Turbin Chu Heidt Attorneys at Law
Call for a Free Consultation 808-528-4000
contact us
contact Menu

Nursing home lawsuits may be restricted

Families rely on nursing homes to care for their vulnerable relatives. Lawsuits may be the only remedy to seek compensation for a nursing home injury or other medical negligence at these facilities.

However, the federal government is considering revoking a rule that would have assisted nursing home residents with suing nursing homes in Hawaii and across the nation. Issued in Sept. 2016, the regulation prevented nursing homes from making consumers agree to settle disputes through binding arbitration and surrender their right to sue.

These facilities had routinely required patients and their families to sign binding arbitration agreements. Stressed family members often miss this clause in a 30 to 40 page document when they admit a loved one into a facility for care. Residents who sign these agreements may also misunderstand this term after being transferred from a hospital and living in the facility for several days before being presented with the document.

Arbitration agreements had previously blocked lawsuits where the patients and negligence victims were most vulnerable. Almost half of all residents have dementia, such as Alzheimer's Disease, according to the National Center for Health Statistics. Inspectors found many cases where residents received injuries from infected bedsores, errors with medications, malnutrition, dehydration or sexual assault.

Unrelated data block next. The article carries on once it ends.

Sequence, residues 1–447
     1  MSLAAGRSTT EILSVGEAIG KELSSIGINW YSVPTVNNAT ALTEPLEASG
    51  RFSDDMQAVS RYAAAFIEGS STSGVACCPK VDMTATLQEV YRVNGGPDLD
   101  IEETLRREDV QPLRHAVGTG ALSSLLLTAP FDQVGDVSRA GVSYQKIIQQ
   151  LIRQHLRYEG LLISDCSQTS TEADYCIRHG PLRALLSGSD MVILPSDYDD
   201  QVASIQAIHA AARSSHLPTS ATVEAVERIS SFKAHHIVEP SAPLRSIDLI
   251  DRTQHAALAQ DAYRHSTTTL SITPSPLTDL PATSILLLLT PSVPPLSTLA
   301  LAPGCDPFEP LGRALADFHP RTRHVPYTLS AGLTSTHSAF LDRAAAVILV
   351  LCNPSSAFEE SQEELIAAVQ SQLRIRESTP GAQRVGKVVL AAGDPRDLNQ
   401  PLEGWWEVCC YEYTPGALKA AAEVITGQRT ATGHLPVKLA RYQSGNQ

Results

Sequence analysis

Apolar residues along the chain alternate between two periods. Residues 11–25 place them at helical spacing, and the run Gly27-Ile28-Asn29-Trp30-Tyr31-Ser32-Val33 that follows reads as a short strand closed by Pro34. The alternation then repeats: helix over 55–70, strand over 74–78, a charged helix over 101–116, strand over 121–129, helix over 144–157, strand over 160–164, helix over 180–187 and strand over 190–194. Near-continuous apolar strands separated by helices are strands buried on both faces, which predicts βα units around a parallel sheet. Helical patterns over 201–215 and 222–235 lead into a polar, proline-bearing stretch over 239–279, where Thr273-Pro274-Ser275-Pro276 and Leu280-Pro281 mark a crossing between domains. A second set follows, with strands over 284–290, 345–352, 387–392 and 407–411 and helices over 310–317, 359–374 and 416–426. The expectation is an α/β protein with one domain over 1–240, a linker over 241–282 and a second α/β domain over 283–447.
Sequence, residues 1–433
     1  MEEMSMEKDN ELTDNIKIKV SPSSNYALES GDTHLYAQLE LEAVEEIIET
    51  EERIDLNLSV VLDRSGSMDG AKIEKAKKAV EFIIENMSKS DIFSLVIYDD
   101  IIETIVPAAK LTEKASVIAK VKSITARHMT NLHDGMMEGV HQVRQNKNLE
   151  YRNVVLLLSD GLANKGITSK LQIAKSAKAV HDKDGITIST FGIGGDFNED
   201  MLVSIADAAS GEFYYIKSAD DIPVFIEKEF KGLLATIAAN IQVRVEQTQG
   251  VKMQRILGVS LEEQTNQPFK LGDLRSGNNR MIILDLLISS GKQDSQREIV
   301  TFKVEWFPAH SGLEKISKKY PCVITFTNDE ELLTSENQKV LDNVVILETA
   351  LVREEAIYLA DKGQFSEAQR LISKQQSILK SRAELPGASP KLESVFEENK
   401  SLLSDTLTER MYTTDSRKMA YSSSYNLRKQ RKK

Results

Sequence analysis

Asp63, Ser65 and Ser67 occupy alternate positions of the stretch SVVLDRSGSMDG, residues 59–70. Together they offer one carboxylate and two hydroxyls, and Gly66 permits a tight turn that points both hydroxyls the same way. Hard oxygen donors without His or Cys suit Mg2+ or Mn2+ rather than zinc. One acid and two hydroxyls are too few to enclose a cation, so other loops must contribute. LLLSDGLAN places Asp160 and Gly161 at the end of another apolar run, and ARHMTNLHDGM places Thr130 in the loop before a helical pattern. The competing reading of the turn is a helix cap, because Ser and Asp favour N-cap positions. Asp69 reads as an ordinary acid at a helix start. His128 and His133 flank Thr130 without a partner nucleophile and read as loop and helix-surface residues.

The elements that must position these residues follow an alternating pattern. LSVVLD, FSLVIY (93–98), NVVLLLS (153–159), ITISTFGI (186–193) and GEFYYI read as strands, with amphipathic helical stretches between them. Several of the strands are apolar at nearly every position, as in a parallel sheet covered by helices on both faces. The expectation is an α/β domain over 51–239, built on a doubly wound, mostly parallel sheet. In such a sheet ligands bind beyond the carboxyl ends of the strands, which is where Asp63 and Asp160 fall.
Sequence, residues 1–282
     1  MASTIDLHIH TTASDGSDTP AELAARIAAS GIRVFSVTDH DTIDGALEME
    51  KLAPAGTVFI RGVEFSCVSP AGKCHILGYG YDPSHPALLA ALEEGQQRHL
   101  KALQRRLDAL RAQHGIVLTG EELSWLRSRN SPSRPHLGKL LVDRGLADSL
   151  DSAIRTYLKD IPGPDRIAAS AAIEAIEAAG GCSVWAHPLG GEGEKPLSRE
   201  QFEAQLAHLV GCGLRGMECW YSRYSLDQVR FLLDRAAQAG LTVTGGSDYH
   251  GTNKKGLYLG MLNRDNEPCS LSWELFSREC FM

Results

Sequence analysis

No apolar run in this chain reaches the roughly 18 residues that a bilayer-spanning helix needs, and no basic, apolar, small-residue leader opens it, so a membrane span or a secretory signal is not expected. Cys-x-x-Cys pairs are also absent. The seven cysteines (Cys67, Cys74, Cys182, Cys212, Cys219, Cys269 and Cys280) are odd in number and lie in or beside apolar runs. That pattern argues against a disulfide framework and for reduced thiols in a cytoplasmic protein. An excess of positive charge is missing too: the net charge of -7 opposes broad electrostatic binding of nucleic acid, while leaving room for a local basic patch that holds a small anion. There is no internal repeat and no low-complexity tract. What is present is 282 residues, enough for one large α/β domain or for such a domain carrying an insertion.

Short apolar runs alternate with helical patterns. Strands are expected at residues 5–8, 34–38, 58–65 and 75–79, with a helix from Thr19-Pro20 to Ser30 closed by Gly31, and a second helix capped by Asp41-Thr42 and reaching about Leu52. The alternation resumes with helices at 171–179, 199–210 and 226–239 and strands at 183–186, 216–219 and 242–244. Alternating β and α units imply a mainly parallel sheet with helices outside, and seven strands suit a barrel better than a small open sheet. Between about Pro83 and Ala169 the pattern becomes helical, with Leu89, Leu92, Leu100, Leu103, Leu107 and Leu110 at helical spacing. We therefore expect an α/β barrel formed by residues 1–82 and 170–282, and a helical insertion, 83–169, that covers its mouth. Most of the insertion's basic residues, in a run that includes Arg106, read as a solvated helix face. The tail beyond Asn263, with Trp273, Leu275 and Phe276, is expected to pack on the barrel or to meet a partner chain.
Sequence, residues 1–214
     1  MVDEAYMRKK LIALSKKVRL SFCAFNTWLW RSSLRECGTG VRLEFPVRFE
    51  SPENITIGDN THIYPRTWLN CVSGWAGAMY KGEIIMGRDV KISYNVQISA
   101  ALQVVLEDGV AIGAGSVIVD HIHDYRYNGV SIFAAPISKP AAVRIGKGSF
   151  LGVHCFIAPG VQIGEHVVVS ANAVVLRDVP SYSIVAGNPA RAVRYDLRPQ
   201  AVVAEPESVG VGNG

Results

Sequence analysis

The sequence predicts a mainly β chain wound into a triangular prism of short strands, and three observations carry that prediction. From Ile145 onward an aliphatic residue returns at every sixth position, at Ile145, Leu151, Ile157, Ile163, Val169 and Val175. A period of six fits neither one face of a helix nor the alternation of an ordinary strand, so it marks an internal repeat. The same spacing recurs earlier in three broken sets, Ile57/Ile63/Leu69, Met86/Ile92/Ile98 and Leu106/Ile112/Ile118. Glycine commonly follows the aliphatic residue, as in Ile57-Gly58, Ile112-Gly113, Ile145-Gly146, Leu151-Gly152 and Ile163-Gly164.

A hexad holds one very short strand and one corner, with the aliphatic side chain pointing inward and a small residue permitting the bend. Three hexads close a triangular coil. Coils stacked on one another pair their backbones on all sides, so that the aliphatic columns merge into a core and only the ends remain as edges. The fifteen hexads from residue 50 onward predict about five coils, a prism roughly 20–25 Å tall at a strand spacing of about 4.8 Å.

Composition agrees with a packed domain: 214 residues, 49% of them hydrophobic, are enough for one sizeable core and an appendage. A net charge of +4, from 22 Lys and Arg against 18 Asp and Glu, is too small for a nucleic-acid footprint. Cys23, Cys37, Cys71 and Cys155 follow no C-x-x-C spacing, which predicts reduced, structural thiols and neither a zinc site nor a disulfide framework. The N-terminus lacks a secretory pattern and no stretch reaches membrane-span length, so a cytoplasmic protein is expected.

The federal government now claims that these agreements benefit providers and consumers by providing for quicker and cheaper claim resolution. It also said that money spent by nursing homes on legal costs associated with litigation may be better spent on care. In a related action, the Department of Health and Human Services also instructed its inspectors to seek lower financial penalties for violations because the penalties are overly punitive and the funds can be spent on improving care.

However, attorney generals representing 16 states have opposed this recent proposal. Thirty-one senators also objected and argued that nursing homes should not be able to suppress wrongdoing through binding arbitration because Medicaid and Medicare spend $80 billion on nursing home care each year.

The regulation was previously blocked by a federal judge in Mississippi until a trial. However, he also agreed that executing arbitration agreements raises public policy concerns because residents and family members are anxious to obtain admission to the facility.

Seeking redress for nursing home negligence or medical malpractice may require the assistance of an attorney, especially with the diminished federal enforcement. A lawyer can help assure that compensation is obtained and rights are protected.

Source: The New York Times, "Trump Moves to Impede Consumer Lawsuits Against Nursing Homes," Robert Pear, Aug. 18, 2017

No Comments

Leave a comment
Comment Information

contact us free consultations

office location

Turbin Chu Heidt Attorneys at Law
737 Bishop Street
Suite 2730
Honolulu, HI 96813

Phone: 808-379-3586
Phone: 808-528-4000
Fax: 808-599-1984
Honolulu Law Office Map